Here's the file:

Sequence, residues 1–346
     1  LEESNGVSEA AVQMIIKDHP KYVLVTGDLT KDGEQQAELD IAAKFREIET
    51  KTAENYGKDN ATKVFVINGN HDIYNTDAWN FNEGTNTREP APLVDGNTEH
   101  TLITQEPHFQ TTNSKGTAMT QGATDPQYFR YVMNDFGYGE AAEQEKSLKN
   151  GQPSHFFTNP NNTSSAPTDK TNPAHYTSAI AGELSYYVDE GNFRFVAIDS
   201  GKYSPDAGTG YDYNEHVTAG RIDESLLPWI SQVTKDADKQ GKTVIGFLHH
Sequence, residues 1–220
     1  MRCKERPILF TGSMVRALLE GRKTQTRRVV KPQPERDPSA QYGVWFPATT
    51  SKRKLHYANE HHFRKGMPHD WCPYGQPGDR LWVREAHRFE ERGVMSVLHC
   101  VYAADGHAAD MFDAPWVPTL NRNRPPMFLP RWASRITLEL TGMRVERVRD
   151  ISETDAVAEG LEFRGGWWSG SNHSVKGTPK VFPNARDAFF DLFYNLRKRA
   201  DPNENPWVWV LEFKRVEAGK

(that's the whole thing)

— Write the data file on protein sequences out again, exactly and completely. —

Sequence, residues 1–346
     1  LEESNGVSEA AVQMIIKDHP KYVLVTGDLT KDGEQQAELD IAAKFREIET
    51  KTAENYGKDN ATKVFVINGN HDIYNTDAWN FNEGTNTREP APLVDGNTEH
   101  TLITQEPHFQ TTNSKGTAMT QGATDPQYFR YVMNDFGYGE AAEQEKSLKN
   151  GQPSHFFTNP NNTSSAPTDK TNPAHYTSAI AGELSYYVDE GNFRFVAIDS
   201  GKYSPDAGTG YDYNEHVTAG RIDESLLPWI SQVTKDADKQ GKTVIGFLHH
Sequence, residues 1–220
     1  MRCKERPILF TGSMVRALLE GRKTQTRRVV KPQPERDPSA QYGVWFPATT
    51  SKRKLHYANE HHFRKGMPHD WCPYGQPGDR LWVREAHRFE ERGVMSVLHC
   101  VYAADGHAAD MFDAPWVPTL NRNRPPMFLP RWASRITLEL TGMRVERVRD
   151  ISETDAVAEG LEFRGGWWSG SNHSVKGTPK VFPNARDAFF DLFYNLRKRA
   201  DPNENPWVWV LEFKRVEAGK